The gusher of aid that Washington spent on Afghanistan also gave rise to historic levels of corruption. In public, U.S. officials insisted they had no tolerance for graft. But in the Lessons Learned interviews, they admitted the U.S. government looked the other way while Afghan power brokers plundered with impunity.

By allowing corruption to fester, U.S. officials told inter-viewers, they helped destroy the popular legitimacy of the wobbly Afghan government they were fighting to prop up. With judges and police chiefs and bureaucrats extorting bribes, many Afghans soured on democracy and turned to the Taliban to enforce order.

Year after year, U.S. generals have said in public they are making steady progress on the central plank of their strategy: to train a robust Afghan army and national police force that can defend the country without foreign help. In the Lessons Learned interviews, however, U.S. military trainers described the Afghan security forces as incompetent, unmotivated and rife with deserters. They also accused Afghan commanders of pocketing salaries — paid by U.S. taxpayers — for tens of thousands of “ghost soldiers.” None expressed confidence that the Afghan army and police could ever fend off, much less defeat, the Taliban on their own. More than 60,000 members of Afghan security forces have been killed, a casualty rate that U.S. commanders have called unsustainable.

Meanwhile, as U.S. hopes for the Afghan security forces failed to materialize, Afghanistan became the world’s leading source of a growing scourge: opium. The United States has spent about $9 billion to fight the problem over the past 18 years, but Afghan farmers are cultivating more opium poppies than ever. Last year, Afghanistan was responsible for 82 percent of global opium production, according to the United Nations Office on Drugs and Crime. By 2006, U.S. officials feared that narco-traffickers had become stronger than the Afghan government and that money from the drug trade was powering the insurgency.

From the beginning, the specter of Vietnam has hovered over Afghanistan. On Oct. 11, 2001, a few days after the United States started bombing the Taliban, a reporter asked President Bush: “Can you avoid being drawn into a Vietnam-like quagmire in Afghanistan?” In those early days, President Bush and other U.S. leaders mocked the notion that the nightmare of Vietnam might repeat itself in Afghanistan.

But throughout the Afghan war, documents show that U.S. military officials have resorted to an old tactic from Vietnam — manipulating public opinion. In news conferences and other public appearances, those in charge of the war have followed the same talking points for 18 years. No matter how the war was going — and especially when it was going badly — they emphasized that they were “making progress”, regardless of the reality on the battlefield.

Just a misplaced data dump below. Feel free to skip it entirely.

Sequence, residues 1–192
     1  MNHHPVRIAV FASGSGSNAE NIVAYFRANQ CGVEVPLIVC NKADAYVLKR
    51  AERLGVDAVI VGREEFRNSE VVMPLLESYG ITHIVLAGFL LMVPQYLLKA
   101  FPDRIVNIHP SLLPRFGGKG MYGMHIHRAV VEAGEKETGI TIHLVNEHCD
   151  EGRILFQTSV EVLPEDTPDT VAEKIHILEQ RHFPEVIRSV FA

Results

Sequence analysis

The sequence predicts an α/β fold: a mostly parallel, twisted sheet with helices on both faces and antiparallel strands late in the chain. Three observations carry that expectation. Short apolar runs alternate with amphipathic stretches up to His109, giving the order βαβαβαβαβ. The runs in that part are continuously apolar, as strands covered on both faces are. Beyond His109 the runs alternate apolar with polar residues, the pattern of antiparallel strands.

During Vietnam, U.S. military commanders relied on dubious measurements to persuade Americans that they were winning. Most notoriously, the Pentagon highlighted “body counts,” or the number of enemy fighters killed, as a measurement of success — and inflated the figures.

In Afghanistan, the U.S. military has generally avoided publi-cizing body counts. But the Lessons Learned interviews contain numerous admissions that the government routinely touted statistics that officials knew were distorted, spurious or downright false. Even when casualty counts and other figures looked bad, a senior National Security Council official said, the White House and Pentagon would spin them to the point of absurdity. Suicide bombings in Kabul were portrayed as a sign of the Taliban’s desperation — that the insurgents were too weak to engage in direct combat. Meanwhile, a rise in U.S. troop deaths was cited as proof that American forces were taking the fight to the enemy.

Other senior officials said they placed great importance on one statistic in particular, albeit one the U.S. government rarely likes to discuss in public.

“I do think the key benchmark is the one I’ve suggested, which is how many Afghans are getting killed,” former U.S. diplomat James Dobbins told a Senate panel in 2009. “If the number’s going up, you’re losing. If the number’s going down, you’re winning. It’s as simple as that.”

Last year, 3,804 Afghan civilians were killed in the war, according to the United Nations. That is the most in one year since the United Nations began tracking casualties a decade ago.

– edited from The Washington Post, December 9, 2019
PeaceMeal, January/February 2020